A beautiful pair of Dutch Delft blue and white vases hand-painted in a medium cobalt blue with an all around scene in the “Thousand Flowers” style of the 18th century. Each vase shows a songbird In the midst of flowers, leaves, and scrolling vines. The quality of the glaze is exceptional. The design is lively and the painting is and well done. The softly rounded octagonal shape of the vases is traditional to Dutch Delft.
Place these vases in a room with other colors and something magical happens all the colors in the room come out more sharply. By putting the right items together each enhances the other. Blue and white in particular works in any setting, in a formal dining or living room with yellow in a kitchen, and certainly with other blue and white pieces.
H 14.75 in. x W 7 in. at the widest point
Excellent. Small edge chips invisibly restored.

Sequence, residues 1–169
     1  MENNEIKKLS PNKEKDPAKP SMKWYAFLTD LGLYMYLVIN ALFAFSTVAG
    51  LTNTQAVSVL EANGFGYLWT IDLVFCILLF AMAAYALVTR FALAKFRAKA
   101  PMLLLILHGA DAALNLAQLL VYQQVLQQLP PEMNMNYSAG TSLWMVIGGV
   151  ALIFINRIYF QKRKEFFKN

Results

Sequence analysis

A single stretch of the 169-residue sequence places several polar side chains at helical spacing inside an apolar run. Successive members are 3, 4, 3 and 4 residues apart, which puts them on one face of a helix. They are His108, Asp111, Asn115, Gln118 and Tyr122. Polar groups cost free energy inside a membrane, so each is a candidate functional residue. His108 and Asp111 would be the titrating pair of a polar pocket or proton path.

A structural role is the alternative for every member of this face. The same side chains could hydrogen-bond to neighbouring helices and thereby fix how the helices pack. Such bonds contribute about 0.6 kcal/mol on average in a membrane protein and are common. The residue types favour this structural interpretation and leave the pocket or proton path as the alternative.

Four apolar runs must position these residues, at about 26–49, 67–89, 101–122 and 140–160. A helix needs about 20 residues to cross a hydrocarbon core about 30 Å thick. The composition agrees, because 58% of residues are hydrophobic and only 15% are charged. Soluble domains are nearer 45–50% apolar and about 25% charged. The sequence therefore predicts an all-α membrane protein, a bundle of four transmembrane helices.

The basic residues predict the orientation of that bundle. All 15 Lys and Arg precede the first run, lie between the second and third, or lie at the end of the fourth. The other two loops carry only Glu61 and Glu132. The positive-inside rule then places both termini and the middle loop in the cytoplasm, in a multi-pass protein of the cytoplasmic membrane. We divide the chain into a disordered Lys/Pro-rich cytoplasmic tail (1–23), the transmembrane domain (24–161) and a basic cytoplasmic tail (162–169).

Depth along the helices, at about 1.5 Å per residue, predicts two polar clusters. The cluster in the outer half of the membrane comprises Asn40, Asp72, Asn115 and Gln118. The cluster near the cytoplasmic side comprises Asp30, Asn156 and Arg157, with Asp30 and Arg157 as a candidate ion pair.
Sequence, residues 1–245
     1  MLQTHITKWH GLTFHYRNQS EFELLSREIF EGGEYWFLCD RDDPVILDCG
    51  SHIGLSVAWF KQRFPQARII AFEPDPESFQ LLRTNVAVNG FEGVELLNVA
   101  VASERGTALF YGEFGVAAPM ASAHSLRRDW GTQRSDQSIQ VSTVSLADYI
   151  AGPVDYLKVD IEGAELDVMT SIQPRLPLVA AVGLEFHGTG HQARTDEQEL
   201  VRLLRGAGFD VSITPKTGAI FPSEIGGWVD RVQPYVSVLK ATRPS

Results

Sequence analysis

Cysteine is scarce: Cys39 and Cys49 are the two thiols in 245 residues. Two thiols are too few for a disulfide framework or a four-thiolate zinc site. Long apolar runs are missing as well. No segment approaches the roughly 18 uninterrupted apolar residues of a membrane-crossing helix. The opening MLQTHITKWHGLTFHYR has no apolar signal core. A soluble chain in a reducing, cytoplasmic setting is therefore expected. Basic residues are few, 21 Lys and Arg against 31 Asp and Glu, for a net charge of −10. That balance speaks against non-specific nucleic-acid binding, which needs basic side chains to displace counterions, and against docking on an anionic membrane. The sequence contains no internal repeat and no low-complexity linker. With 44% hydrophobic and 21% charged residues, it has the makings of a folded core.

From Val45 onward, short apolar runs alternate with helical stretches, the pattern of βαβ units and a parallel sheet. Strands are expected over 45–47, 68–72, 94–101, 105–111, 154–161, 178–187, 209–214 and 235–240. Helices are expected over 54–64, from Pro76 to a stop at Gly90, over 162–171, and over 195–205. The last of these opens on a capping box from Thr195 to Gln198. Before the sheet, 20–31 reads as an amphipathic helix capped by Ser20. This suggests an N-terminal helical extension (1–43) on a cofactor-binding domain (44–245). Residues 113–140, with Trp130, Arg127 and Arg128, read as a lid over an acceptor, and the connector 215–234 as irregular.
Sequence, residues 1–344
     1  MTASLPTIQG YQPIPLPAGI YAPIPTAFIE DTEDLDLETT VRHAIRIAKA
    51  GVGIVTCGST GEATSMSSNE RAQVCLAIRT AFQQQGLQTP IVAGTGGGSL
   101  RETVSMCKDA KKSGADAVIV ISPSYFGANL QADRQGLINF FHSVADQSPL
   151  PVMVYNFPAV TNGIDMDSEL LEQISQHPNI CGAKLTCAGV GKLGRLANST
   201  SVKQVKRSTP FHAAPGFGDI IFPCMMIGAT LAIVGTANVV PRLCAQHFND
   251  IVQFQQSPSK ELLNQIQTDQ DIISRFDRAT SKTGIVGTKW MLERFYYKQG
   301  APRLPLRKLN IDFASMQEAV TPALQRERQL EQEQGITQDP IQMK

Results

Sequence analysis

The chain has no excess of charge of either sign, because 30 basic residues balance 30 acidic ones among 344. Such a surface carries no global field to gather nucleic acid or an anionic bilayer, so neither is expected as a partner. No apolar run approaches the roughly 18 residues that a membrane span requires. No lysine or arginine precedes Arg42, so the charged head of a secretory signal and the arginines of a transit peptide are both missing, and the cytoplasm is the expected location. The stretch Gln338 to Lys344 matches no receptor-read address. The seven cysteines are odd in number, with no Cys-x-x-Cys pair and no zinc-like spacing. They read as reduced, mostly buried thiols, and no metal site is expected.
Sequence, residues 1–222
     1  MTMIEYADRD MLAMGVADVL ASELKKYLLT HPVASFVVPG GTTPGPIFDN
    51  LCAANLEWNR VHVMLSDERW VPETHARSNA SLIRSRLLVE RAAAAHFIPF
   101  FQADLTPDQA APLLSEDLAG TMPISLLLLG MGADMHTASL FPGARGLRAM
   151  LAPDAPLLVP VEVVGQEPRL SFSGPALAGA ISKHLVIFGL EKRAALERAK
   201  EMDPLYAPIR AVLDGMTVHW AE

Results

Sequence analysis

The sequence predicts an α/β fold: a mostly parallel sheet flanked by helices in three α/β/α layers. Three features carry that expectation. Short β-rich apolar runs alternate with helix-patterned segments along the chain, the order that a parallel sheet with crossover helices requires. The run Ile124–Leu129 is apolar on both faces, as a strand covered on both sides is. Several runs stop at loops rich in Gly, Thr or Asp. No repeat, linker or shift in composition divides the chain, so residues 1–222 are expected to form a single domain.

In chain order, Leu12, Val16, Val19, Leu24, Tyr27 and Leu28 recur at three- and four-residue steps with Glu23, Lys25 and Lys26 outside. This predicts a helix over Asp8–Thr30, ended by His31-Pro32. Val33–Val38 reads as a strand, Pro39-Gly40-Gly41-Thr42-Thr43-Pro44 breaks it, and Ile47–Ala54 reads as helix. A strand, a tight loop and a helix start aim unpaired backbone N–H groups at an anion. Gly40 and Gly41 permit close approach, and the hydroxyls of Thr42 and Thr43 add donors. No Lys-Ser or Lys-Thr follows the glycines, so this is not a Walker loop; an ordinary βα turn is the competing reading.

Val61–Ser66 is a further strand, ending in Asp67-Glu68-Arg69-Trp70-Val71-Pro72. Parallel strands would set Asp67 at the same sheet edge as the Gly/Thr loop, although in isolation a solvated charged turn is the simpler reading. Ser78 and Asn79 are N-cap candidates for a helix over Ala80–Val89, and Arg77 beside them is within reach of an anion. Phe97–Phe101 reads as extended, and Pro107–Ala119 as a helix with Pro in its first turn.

The technique of making Delft was first described in writing by Gerrit Paape in “The Delft Pottery Maker” written in 1794. Dedicated to Lambertus Sanderus, the owner of De Porceleyne Claeuw (The Porcelain Claw). Delft faience began in the 17th century. Much of the finest Delft blue and white pottery was produced in the Dutch city of Delft. The Delft potters began to coat their pots completely in white tin glaze. They then began to cover the white tin-glaze with clear glaze, which gave depth to the fired surface and smoothness to cobalt blues. Over time they created a good resemblance to porcelain. By circa 1650 the technical skills of the potters and painters were much improved, and Delft began its golden age.
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